Report on Kilauea (United States) — 8 June-14 June 2016
Smithsonian / US Geological Survey Weekly Volcanic Activity Report,
8 June-14 June 2016
Managing Editor: Sally Kuhn Sennert
Please cite this report as:
Global Volcanism Program, 2016. Report on Kilauea (United States). In: Sennert, S K (ed.), Weekly Volcanic Activity Report, 8 June-14 June 2016. Smithsonian Institution and US Geological Survey.
19.421°N, 155.287°W; summit elev. 1222 m
All times are local (unless otherwise noted)
HVO reported that during 8-14 June the lava lake continued to rise and fall, circulate, and spatter in Kilauea's Overlook vent. A new lava flow that began on 24 May on Pu'u 'O'o Crater's N flank had stalled; a new flow on the E flank had advanced 3.3 km SE along the National Park boundary by 10 June, and was about halfway to the top of Pulama pali. Vents on the crater floor and upper NE flank remained incandescent, and a pit just W of the crater contained a small lava pond. The June 27th NE-trending lava flow appeared to be inactive by 10 June.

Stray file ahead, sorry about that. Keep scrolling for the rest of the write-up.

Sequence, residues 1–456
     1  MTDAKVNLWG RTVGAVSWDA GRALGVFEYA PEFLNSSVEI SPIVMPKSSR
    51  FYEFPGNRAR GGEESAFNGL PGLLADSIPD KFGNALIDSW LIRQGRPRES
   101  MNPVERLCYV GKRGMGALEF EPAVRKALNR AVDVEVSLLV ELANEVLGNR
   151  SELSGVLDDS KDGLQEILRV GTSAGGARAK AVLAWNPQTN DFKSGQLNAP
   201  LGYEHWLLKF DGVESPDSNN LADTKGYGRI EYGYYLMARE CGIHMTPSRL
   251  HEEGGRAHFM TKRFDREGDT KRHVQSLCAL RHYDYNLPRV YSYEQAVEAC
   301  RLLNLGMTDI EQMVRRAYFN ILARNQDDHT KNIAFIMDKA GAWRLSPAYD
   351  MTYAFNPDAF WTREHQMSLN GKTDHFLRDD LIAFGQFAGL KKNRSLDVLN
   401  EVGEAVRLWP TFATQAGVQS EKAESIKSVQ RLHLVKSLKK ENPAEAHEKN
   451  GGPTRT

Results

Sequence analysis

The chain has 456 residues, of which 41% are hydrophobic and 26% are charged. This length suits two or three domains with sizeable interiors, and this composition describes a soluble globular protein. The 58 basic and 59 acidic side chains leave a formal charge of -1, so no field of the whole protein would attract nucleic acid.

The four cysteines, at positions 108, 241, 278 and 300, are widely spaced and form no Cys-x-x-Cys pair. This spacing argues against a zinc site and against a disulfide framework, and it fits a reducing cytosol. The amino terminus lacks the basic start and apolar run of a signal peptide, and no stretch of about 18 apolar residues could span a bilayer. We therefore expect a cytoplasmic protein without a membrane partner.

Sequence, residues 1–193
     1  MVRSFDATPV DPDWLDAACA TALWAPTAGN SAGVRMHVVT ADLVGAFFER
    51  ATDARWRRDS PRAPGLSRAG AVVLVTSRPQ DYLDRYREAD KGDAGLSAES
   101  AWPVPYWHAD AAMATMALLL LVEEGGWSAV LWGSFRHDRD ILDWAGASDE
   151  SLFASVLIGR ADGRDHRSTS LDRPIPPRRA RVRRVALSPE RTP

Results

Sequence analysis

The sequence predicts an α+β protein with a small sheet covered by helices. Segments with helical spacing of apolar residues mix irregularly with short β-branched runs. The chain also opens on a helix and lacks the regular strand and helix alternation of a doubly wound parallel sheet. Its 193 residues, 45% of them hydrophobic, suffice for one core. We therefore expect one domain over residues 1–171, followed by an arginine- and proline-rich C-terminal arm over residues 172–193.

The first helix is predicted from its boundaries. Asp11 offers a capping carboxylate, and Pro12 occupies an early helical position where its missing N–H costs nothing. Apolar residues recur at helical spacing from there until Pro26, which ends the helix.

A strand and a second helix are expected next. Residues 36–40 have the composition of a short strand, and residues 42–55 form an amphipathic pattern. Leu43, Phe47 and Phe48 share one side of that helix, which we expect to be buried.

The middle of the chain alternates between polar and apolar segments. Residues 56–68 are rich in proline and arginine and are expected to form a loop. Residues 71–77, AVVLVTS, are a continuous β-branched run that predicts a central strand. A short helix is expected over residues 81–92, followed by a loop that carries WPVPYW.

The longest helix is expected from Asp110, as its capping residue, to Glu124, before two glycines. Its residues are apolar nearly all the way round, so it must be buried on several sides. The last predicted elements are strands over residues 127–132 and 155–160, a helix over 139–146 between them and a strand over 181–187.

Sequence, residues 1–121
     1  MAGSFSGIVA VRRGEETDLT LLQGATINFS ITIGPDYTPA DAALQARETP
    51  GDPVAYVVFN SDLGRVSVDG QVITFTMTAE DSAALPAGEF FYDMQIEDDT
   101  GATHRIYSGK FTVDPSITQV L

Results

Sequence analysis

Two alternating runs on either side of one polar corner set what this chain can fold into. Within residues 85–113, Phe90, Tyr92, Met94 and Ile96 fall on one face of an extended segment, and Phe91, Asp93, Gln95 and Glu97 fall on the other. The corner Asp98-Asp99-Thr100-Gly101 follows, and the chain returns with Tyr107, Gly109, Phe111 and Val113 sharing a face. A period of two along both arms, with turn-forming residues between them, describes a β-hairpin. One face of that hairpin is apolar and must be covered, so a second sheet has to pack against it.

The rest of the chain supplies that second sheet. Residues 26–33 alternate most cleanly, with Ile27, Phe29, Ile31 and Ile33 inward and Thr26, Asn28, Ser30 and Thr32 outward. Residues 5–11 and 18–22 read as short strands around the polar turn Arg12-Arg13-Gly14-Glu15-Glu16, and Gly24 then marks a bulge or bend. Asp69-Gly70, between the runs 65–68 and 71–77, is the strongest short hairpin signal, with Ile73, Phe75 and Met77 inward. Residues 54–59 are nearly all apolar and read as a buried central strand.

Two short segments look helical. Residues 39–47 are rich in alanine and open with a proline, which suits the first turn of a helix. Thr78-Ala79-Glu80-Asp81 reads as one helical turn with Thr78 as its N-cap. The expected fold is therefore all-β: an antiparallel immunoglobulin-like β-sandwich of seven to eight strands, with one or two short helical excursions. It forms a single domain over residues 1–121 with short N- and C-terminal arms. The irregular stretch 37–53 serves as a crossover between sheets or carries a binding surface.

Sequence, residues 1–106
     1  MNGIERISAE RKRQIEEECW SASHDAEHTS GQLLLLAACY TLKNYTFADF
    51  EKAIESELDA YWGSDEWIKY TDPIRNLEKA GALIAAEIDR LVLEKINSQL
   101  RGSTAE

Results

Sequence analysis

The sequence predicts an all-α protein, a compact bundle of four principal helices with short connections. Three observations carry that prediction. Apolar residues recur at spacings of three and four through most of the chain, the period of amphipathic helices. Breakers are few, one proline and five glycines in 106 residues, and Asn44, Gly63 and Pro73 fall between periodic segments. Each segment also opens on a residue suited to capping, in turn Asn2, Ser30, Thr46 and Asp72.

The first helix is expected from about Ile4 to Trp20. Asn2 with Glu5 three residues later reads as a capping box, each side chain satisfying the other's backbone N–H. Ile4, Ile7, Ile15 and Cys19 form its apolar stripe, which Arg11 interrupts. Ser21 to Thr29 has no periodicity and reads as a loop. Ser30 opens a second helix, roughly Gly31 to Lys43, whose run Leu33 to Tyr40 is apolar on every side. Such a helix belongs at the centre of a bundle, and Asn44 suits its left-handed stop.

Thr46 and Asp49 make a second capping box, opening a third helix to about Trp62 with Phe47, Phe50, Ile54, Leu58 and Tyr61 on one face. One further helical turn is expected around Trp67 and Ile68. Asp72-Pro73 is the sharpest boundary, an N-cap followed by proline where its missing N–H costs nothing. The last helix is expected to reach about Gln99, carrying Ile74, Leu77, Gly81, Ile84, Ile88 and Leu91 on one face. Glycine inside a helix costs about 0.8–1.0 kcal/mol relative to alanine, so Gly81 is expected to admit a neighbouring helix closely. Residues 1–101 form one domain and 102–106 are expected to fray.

Geological Summary. Kilauea, which overlaps the E flank of the massive Mauna Loa shield volcano, has been Hawaii's most active volcano during historical time. Eruptions are prominent in Polynesian legends; written documentation extending back to only 1820 records frequent summit and flank lava flow eruptions that were interspersed with periods of long-term lava lake activity that lasted until 1924 at Halemaumau crater, within the summit caldera. The 3 x 5 km caldera was formed in several stages about 1500 years ago and during the 18th century; eruptions have also originated from the lengthy East and SW rift zones, which extend to the sea on both sides of the volcano. About 90% of the surface of the basaltic shield volcano is formed of lava flows less than about 1100 years old; 70% of the volcano's surface is younger than 600 years. A long-term eruption from the East rift zone that began in 1983 has produced lava flows covering more than 100 km2, destroying nearly 200 houses and adding new coastline to the island.